LEGENDS OF THE CELTIC HARP
Caltech’s Beckman Institute Auditorium, 400 S. Wilson Ave., Pasadena
8 p.m. Saturday, July 7
By Jim McConnell
There’s a little bit of heaven known as Irish music. And what would heaven be without harps?
Patrick Ball, Lisa Lynne and Aryeh Frankfurter will bring their strings to Caltech on July 7 as part of the Caltech Folk Music Society’s ongoing series of concerts. The show is “Legends of the Celtic Harp” and it promises to be a unique musical experience.
The presentation blends music with the spoken word, tracing the history of the Irish harp, the Irish people and their love of storytelling through music.
In addition to the harp, Lynne plays Irish bouzouki and mandolin, Frankfurter plays Swedish nyckelharpa and cittern, and Ball plays the whistle. All are acclaimed musicians and recording artists who unite to revive the tradition of harp playing, something that dates back at least 1,000 years in Ireland.
“Lisa, Aryeh and I were friends before we were a musical group,” Ball said. “To be able to perform with friends, that’s pretty special. Plus which, of course, Lisa and Aryeh are masters of their instruments. I feel honored to play alongside them.”
There is a singular style to the trio’s sound, due to their gifts and the instruments they play. Ball plays the traditional 32-string Irish harp, an instrument with brass strings and no foot pedals. Lynne and Frankfurter also play Irish harps, but theirs utilize the more conventional nylon strings.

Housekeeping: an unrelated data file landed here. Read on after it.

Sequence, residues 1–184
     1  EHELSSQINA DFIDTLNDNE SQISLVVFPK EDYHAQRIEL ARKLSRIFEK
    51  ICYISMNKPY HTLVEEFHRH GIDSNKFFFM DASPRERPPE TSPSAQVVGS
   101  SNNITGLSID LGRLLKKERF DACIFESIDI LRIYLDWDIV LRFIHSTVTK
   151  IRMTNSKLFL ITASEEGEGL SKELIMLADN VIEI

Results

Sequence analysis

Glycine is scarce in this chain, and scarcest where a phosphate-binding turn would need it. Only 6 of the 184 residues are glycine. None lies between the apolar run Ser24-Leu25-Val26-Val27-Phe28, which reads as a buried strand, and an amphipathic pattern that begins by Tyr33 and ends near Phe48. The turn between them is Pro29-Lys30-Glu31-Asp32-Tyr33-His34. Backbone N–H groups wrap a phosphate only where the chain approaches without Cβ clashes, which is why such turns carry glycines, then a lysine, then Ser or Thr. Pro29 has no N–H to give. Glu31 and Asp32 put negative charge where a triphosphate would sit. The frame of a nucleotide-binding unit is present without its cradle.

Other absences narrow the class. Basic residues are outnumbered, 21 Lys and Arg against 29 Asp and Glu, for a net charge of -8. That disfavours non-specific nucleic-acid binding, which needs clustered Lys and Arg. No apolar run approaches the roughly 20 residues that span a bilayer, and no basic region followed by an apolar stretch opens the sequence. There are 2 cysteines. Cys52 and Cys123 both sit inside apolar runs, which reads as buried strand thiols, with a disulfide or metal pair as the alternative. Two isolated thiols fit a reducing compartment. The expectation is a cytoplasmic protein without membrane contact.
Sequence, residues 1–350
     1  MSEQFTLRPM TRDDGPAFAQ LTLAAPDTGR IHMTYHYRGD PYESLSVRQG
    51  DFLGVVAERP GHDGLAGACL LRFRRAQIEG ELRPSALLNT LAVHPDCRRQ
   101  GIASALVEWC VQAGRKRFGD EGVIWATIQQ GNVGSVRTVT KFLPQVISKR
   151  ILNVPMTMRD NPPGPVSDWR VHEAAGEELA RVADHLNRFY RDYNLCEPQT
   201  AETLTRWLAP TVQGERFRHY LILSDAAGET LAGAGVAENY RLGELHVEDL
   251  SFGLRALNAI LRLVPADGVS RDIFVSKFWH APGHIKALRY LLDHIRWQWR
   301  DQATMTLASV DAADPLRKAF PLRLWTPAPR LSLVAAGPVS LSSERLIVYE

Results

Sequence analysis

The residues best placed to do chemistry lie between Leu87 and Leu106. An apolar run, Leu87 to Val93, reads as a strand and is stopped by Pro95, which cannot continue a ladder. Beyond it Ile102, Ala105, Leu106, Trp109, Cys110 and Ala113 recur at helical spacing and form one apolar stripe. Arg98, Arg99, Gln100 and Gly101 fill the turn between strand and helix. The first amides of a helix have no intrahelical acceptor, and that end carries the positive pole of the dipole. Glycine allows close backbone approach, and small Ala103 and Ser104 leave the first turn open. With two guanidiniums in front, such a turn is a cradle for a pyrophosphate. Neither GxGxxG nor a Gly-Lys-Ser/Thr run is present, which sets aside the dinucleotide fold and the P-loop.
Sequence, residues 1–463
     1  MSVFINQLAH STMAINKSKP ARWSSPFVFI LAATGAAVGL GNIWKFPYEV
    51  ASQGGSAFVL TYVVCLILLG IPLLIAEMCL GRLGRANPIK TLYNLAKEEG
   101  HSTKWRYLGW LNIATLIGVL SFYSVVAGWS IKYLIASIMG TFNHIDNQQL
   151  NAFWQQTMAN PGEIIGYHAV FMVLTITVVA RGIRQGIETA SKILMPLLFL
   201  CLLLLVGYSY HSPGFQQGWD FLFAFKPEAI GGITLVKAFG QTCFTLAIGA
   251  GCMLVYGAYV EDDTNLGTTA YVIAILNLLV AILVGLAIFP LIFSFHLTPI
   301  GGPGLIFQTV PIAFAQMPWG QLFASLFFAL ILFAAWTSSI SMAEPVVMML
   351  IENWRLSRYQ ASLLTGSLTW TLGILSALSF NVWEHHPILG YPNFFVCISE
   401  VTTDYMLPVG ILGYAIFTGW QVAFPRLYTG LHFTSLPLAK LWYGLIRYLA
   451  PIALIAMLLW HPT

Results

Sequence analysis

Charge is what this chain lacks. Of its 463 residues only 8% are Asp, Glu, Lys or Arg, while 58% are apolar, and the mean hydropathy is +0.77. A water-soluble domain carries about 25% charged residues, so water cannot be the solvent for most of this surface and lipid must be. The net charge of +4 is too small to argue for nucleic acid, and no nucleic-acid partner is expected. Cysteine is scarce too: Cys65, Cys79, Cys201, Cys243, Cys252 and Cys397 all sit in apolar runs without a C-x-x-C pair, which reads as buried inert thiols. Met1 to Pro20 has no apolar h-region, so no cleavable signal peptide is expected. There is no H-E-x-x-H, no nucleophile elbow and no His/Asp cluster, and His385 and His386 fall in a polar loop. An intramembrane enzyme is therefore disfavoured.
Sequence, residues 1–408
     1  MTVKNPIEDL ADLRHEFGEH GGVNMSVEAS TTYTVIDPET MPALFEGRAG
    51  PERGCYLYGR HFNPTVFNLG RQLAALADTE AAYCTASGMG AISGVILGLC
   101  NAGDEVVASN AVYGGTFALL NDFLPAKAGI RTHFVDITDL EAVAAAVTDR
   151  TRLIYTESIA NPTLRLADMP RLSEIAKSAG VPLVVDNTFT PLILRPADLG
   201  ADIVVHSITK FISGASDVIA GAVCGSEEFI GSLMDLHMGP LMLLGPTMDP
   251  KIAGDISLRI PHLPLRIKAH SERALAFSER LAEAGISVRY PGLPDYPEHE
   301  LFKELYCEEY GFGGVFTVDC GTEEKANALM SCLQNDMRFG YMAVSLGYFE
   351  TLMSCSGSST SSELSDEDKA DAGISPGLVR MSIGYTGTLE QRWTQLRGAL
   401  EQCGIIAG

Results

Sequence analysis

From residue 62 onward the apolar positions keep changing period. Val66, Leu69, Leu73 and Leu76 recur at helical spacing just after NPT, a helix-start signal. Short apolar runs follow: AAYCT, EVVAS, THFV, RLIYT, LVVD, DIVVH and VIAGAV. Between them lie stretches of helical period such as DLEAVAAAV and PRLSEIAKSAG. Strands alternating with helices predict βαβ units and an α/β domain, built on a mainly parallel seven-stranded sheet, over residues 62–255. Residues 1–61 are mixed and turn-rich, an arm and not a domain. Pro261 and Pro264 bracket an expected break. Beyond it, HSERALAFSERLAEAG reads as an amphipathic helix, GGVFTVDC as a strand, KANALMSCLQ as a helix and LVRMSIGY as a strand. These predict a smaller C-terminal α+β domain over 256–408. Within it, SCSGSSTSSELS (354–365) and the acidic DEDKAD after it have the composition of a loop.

“I play my harp with my fingernails, (while) Lisa and Aryeh use their finger tips and wear finger pads,” Ball said. “Actually, Lisa wears those false fingernails, so those sitting close to the stage may wind up with a souvenir.”
Ball admits the brass strings are tough on the fingers, but he feels the sound he achieves is well worth the pain.
“The beauty of the brass strings is that, if I play correctly, I get a bell-like sound,” he said. “And I love the blend of that sound with the nylon strings, it gives each harp an individual voice.”
Ball handles the spoken presentations, which can cover an extensive range of subject matter. Music, history, the perils of driving SoCal freeways: it is all fair game for Ball.
“The traditional Irish minstrel was very much a storyteller,” Ball said. “So this helps revive and preserve that tradition. But what we do also has a modern context, in that we use the music to emphasize the stories and the stories to emphasize the music, not unlike the musical score for a movie.
“As far as what I might talk about at Caltech, I have some set pieces but I admit I may range rather wide. We’ll see how it goes. It’s good to keep a sense of adventure in the shows.
“We have appeared at Caltech before (most recently, in November 2010) but each of our shows definitely tends to be different, so we’ll have a few surprises for our fans.”
Among those surprises, Ball hopes, will not be the breaking of a string.
“Using brass strings has its hazards,” he said. “They have to be strung tightly, and when they break, they made a noise every bit as ugly as the music is beautiful. It’s the one aspect of our sound we don’t care to share with the audience.”